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List of Open Problems/Potential New Features #12

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davidhallac opened this Issue Jan 16, 2016 · 0 comments

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davidhallac commented Jan 16, 2016

Hi SnapVX Users,

We are using this page to include a list of ideas that we hope to eventually add to SnapVX in future releases. Please let us know if you have any ideas and/or comments, or if anything is unclear. Furthermore, if you are interested in contributing to SnapVX, this is a good place to start!

  1. Additional Examples - It is always nice to have more examples/applications. If you think of any good ones (ideally from new and relevant fields, with interpretable results), feel free to send them our way. We can include them in the download package and on the website, so users have a better grasp of how to apply SnapVX to real-world problems

  2. Adding fast solvers - Often, users of SnapVX solve problems where all nodes and/or edges share a common form (see: bulk loading). In these examples, the same general problem will be solved thousands or even millions of times. Therefore, there is a real incentive to speed up this repeated operation. If users are experienced with optimization, they should be able to define a function which solves the proximal operator problem, and pass to the solver that as an attribute of the node/edge (instead of the cvxpy (objective, constraint) tuple). Then, ADMM subproblems can check if that node/edge has defined a ProxOp function or a CVXPY problem. If it’s the ProxOp, it gathers the relevant parameters and calls the function. The program should then write the solution back to shared memory, so the overall problem doesn't even notice the difference between this and just calling CVXPY (except that it is faster!)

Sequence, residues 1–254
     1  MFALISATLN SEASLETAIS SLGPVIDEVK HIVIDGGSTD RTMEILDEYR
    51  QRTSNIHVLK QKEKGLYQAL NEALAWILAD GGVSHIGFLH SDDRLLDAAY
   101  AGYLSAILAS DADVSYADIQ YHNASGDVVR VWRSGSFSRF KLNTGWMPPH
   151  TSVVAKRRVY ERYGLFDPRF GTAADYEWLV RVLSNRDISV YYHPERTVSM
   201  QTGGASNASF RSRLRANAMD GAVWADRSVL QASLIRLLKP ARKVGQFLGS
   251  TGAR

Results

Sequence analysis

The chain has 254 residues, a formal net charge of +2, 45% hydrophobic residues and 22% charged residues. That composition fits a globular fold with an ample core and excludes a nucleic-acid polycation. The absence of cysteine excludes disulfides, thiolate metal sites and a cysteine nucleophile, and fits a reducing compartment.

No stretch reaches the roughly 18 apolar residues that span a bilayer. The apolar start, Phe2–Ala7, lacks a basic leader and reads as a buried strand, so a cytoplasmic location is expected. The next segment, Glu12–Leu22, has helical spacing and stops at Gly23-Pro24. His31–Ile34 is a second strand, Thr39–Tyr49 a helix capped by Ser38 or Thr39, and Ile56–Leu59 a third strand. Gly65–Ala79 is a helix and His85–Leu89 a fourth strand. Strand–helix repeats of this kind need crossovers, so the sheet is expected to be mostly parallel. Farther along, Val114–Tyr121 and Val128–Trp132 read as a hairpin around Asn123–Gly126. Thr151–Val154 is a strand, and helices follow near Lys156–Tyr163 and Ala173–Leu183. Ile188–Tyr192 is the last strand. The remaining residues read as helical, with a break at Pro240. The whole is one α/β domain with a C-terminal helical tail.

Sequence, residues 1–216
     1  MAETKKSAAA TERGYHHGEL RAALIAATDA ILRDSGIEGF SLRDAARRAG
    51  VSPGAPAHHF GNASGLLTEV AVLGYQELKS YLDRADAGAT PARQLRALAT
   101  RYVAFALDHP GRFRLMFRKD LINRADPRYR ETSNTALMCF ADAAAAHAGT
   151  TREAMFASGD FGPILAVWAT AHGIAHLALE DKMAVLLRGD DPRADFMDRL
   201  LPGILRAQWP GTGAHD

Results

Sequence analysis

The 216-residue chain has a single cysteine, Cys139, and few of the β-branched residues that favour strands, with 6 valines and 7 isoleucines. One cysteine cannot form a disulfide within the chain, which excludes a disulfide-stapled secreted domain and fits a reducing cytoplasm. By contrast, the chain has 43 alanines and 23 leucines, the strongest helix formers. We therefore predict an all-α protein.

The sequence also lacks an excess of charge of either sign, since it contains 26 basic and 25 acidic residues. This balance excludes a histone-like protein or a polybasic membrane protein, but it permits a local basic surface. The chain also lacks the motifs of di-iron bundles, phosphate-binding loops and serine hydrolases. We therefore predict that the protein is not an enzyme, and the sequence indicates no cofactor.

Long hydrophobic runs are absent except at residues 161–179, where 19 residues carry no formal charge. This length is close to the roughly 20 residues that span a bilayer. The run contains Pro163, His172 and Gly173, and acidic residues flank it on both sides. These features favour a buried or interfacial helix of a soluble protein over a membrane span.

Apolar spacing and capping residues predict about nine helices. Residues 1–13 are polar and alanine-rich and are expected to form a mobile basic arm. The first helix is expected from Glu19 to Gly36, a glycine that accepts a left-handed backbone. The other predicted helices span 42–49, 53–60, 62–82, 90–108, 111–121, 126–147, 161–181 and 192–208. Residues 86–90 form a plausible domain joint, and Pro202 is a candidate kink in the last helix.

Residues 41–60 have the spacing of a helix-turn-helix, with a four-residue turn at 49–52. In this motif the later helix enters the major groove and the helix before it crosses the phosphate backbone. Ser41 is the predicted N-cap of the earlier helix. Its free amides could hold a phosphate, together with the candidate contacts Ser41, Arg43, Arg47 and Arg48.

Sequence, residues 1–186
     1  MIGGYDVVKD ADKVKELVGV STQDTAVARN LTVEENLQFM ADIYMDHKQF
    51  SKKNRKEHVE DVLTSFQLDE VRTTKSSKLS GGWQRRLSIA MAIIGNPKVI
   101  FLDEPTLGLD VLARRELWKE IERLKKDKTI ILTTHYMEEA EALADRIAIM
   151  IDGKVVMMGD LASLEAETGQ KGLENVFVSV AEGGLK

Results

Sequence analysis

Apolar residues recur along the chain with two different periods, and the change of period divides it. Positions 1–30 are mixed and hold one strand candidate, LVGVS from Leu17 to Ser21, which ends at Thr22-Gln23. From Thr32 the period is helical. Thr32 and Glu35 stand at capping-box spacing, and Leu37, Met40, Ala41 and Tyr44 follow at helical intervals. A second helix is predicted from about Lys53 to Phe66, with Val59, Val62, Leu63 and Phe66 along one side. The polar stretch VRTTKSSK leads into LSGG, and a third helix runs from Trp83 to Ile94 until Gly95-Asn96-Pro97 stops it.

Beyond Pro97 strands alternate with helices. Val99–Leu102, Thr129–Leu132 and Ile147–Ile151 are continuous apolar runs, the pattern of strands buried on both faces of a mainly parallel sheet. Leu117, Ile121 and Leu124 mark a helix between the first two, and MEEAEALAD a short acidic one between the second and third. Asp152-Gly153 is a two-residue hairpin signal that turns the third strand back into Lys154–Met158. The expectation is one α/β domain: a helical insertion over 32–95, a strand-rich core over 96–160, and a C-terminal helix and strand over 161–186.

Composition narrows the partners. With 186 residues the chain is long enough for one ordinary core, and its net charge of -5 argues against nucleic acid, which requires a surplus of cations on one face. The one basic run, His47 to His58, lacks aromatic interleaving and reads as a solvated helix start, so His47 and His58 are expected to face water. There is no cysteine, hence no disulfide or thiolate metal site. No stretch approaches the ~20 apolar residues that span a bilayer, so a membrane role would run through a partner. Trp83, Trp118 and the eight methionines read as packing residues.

3. Database of Common Proximal Operators - Once we implement part 2, users will want a database of common proximal operators. That way they will not need to write their own from scratch every time. See "Proximal Algorithms" by Boyd and Parikh for a comprehensive list of proximal operators to implement.

  4. Catching Common Problems - Once part 3 is built out, if the user defines CVXPY objectives, we can look through to “catch” ones with fast solutions. Then, behind the scenes, we can switch out the CVXPY call for our proximal function. The user doesn’t notice, but the problem will solve much faster

  5. Distributed SnapVX - Currently, SnapVX is set up to run on a single machine, parallelizing across different threads of a single computer. This was a deliberate choice, as it is meant to have “out-of-the-box” functionality for casual users. While large memory machine are able to scale to tens or even hundreds of millions of unknown variables, there are always examples which are too big... The ADMM algorithm behind SnapVX is fully capable of being implemented in a distributed computing setting. As such, it would be possible to implement a distributed version of SnapVX.

Thanks!
The SnapVX Team

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